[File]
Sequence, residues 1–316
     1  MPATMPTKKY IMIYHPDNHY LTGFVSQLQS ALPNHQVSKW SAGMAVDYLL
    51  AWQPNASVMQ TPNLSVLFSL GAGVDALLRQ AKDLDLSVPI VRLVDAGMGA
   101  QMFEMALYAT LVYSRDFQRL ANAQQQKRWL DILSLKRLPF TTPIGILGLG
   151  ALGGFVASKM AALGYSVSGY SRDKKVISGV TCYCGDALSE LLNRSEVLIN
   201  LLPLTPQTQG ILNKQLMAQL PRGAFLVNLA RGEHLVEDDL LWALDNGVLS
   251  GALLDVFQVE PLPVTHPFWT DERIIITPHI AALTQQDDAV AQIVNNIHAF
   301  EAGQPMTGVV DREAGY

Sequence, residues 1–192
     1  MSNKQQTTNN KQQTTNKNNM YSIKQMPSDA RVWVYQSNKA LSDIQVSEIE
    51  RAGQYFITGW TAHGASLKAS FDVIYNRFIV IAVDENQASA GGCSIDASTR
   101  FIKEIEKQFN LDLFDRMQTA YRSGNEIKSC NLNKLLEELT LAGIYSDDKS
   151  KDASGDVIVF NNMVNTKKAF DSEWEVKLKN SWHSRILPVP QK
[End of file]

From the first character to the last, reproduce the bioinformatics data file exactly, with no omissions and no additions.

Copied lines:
Sequence, residues 1–316
     1  MPATMPTKKY IMIYHPDNHY LTGFVSQLQS ALPNHQVSKW SAGMAVDYLL
    51  AWQPNASVMQ TPNLSVLFSL GAGVDALLRQ AKDLDLSVPI VRLVDAGMGA
   101  QMFEMALYAT LVYSRDFQRL ANAQQQKRWL DILSLKRLPF TTPIGILGLG
   151  ALGGFVASKM AALGYSVSGY SRDKKVISGV TCYCGDALSE LLNRSEVLIN
   201  LLPLTPQTQG ILNKQLMAQL PRGAFLVNLA RGEHLVEDDL LWALDNGVLS
   251  GALLDVFQVE PLPVTHPFWT DERIIITPHI AALTQQDDAV AQIVNNIHAF
   301  EAGQPMTGVV DREAGY

Sequence, residues 1–192
     1  MSNKQQTTNN KQQTTNKNNM YSIKQMPSDA RVWVYQSNKA LSDIQVSEIE
    51  RAGQYFITGW TAHGASLKAS FDVIYNRFIV IAVDENQASA GGCSIDASTR
   101  FIKEIEKQFN LDLFDRMQTA YRSGNEIKSC NLNKLLEELT LAGIYSDDKS
   151  KDASGDVIVF NNMVNTKKAF DSEWEVKLKN SWHSRILPVP QK